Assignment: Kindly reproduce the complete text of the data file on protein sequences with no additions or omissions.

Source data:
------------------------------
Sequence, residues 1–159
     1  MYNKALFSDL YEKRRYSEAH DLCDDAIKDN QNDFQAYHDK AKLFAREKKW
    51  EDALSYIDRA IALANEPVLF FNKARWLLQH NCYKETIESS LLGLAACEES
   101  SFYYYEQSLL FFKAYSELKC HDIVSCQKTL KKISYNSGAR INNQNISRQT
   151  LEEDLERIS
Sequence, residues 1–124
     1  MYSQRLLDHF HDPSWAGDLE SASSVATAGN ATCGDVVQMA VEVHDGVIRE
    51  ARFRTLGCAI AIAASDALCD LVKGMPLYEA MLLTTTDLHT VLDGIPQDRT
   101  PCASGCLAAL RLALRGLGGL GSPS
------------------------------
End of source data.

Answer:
Sequence, residues 1–159
     1  MYNKALFSDL YEKRRYSEAH DLCDDAIKDN QNDFQAYHDK AKLFAREKKW
    51  EDALSYIDRA IALANEPVLF FNKARWLLQH NCYKETIESS LLGLAACEES
   101  SFYYYEQSLL FFKAYSELKC HDIVSCQKTL KKISYNSGAR INNQNISRQT
   151  LEEDLERIS
Sequence, residues 1–124
     1  MYSQRLLDHF HDPSWAGDLE SASSVATAGN ATCGDVVQMA VEVHDGVIRE
    51  ARFRTLGCAI AIAASDALCD LVKGMPLYEA MLLTTTDLHT VLDGIPQDRT
   101  PCASGCLAAL RLALRGLGGL GSPS